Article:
I shouldn’t have to say this, but save the overly-large belt buckles (those the size of small cars) for outside of business hours. Most businessmen won’t own or wear a very large belt buckle for normal business activities. Even in locations where larger belt buckles are commonplace (Texas, for example) they are rarely worn for business occasions. Take your lead from the business leaders in your community – but realize that the longer a man has been in business and the more successful he is, the less traditional dressing rules on accessories apply to him.

Neckties have traditionally been a creative outlet for men in their business dress. It’s a chance to let some of your personality show through, though there are still rules to be considered. If you are wearing a solid white or blue dress shirt (and you should be, if you read my previous article on Dress Shirts), you have a lot of latitude when choosing neck wear.

Patterns and stripes are appropriate for wearing with solid color shirts, but don’t choose a too-wild pattern. The focus should be on your face, and people should be listening to what you have to say, not staring at your tie. This also means that ‘musical’ or ‘flashing’ novelty ties should not be worn for everyday business. They can occasionally be worn for personal or family occasions, but even there, be careful. Stripes, small geometric patterns and paisleys all continue to be popular, but avoid the novelty ties. People just won’t take you seriously when you wear that Hula Girl tie.

When selecting a necktie for a patterned shirt, consider a large patterned necktie with a small patterned shirt (or vice versa). Don’t match large patterns in a shirt with large patterns in a necktie. There will be too much visual interest and no place for a person’s eye to rest.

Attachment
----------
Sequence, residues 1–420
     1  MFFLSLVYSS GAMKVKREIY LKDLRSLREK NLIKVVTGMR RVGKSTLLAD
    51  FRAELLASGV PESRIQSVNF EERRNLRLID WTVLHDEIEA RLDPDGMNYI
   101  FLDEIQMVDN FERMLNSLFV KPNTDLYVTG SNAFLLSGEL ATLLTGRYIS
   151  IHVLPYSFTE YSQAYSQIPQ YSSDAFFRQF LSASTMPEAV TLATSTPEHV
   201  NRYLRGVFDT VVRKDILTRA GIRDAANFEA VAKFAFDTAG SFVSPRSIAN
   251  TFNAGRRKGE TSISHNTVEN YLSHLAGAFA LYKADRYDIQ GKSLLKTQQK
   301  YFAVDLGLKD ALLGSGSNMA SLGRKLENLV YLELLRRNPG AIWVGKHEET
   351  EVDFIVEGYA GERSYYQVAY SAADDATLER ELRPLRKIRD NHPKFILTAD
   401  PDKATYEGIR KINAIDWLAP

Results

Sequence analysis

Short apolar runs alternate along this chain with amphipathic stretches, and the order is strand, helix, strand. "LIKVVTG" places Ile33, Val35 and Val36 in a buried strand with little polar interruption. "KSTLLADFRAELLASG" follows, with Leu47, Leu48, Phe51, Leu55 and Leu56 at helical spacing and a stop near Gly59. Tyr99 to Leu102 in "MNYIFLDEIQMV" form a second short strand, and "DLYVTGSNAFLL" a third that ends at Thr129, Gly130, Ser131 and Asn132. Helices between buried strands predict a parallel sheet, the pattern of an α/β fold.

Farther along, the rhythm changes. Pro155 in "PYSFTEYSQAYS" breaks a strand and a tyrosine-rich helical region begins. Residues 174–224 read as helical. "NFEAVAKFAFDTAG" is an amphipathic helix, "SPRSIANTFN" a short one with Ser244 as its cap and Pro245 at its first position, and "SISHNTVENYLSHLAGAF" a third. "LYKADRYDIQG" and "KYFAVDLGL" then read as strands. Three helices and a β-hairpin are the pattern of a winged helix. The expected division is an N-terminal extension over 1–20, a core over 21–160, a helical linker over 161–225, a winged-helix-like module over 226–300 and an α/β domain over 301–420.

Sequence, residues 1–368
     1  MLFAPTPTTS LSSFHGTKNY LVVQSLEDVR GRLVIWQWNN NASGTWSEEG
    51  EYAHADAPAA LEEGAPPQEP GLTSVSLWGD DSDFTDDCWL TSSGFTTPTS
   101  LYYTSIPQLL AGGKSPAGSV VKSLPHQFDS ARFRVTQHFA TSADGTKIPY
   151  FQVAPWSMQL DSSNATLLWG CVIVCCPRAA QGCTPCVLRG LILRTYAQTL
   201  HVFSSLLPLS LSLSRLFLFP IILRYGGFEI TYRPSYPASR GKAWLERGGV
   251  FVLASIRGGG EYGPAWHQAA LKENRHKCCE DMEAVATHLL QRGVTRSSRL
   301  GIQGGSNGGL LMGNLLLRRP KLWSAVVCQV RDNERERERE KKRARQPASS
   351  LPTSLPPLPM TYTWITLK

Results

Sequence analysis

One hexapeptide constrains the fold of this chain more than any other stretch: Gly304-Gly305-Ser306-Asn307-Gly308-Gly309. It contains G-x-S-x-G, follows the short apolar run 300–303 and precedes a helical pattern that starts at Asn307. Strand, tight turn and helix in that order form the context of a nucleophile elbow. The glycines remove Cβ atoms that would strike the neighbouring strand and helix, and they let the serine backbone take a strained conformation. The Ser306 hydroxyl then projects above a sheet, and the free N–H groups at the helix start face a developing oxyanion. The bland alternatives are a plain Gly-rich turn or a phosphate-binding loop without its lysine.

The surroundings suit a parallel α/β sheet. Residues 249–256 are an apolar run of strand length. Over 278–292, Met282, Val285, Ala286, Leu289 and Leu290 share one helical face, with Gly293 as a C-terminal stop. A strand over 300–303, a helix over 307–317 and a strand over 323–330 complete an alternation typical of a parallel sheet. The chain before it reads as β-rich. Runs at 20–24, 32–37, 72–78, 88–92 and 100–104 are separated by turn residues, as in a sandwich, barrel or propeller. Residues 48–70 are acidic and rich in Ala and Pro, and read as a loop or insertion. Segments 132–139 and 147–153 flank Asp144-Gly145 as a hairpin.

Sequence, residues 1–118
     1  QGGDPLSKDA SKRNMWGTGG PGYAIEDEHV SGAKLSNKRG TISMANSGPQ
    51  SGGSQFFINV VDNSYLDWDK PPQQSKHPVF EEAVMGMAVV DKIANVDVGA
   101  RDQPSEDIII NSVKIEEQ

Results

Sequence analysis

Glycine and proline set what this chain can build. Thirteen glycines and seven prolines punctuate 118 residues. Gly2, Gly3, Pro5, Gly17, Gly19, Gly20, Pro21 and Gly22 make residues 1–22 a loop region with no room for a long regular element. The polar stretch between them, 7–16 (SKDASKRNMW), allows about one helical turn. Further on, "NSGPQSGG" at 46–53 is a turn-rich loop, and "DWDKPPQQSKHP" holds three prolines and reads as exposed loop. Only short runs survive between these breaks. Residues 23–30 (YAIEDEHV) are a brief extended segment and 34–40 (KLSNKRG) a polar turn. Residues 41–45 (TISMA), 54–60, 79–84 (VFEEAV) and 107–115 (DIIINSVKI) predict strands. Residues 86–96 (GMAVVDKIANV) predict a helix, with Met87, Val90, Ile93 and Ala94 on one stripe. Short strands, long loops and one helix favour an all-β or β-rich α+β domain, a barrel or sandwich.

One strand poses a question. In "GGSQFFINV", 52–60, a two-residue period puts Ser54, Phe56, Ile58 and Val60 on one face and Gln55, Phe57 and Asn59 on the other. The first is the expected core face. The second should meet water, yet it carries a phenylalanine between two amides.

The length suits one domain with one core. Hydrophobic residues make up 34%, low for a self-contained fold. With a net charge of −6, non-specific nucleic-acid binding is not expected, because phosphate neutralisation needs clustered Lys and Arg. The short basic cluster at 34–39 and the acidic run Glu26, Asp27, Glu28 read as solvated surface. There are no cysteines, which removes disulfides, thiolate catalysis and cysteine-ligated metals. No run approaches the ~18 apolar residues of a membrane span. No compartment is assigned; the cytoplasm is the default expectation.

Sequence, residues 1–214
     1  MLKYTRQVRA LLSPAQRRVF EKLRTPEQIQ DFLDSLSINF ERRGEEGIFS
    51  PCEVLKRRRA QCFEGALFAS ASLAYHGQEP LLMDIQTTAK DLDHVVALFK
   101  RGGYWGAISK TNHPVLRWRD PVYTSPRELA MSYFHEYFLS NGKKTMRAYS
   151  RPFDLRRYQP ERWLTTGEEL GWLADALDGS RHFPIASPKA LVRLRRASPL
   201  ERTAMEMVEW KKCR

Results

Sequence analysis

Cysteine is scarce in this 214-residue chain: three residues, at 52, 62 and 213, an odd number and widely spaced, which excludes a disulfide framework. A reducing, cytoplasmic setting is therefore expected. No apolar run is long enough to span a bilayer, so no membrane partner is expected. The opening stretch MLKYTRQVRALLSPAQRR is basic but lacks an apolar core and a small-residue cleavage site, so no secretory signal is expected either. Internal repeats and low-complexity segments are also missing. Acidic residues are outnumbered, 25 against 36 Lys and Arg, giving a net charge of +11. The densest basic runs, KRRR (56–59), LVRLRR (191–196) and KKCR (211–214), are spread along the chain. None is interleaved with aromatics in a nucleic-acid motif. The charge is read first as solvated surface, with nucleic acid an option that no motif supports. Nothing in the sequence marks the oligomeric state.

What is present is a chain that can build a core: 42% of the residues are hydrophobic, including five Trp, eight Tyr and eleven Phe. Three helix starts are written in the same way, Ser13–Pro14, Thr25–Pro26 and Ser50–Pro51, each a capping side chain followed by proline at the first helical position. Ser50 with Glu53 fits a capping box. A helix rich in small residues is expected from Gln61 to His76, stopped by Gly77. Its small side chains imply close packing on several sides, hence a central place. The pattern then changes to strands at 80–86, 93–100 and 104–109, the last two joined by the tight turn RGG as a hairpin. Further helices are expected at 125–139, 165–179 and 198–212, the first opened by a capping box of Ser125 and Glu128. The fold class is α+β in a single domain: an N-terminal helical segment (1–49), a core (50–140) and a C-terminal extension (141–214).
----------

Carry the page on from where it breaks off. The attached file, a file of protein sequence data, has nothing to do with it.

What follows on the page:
Cuff links are a matter of purely personal choice. A man preferring French cuff shirts can have a great deal of fun choosing cuff link styles and colors. They are considered jewelry, a means of self-expression.

If you are warmer-toned in your coloring, by all means choose gold, warm metals or enamels, and warmer-toned stones like amber to wear with your shirts. If you are cooler-toned in your coloring, choose silver, platinum, gemstones in rich, dark colors and bright enamels to complement your suits and your own coloring. The sky is virtually the limit!

One last point on the accessory that can provide that extra little ‘oomph’ in your polish and finished business attire: the pocket square. They are very simple accessories that add that touch of elegance to your business look.

Select a color that accentuates your necktie (i.e. a gold pocket square for a navy-and-gold patterned tie and a navy suit), but don’t fall into the safe-but-boring world of matching ties and pocket squares. Since they are inexpensive, purchase several and tuck one into your pocket every day. The easiest way to find good colors is to purchase them at the same time you purchase your ties.

For more information on this topic or to get specific help with your personal and professional image questions, contact Dianne M. Daniels at:

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Twitter: ImageCoachDiane

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Author: Uzumaki Naruto

"I want to see this market as a sharing market. Where merchants and customers sincerely support one another."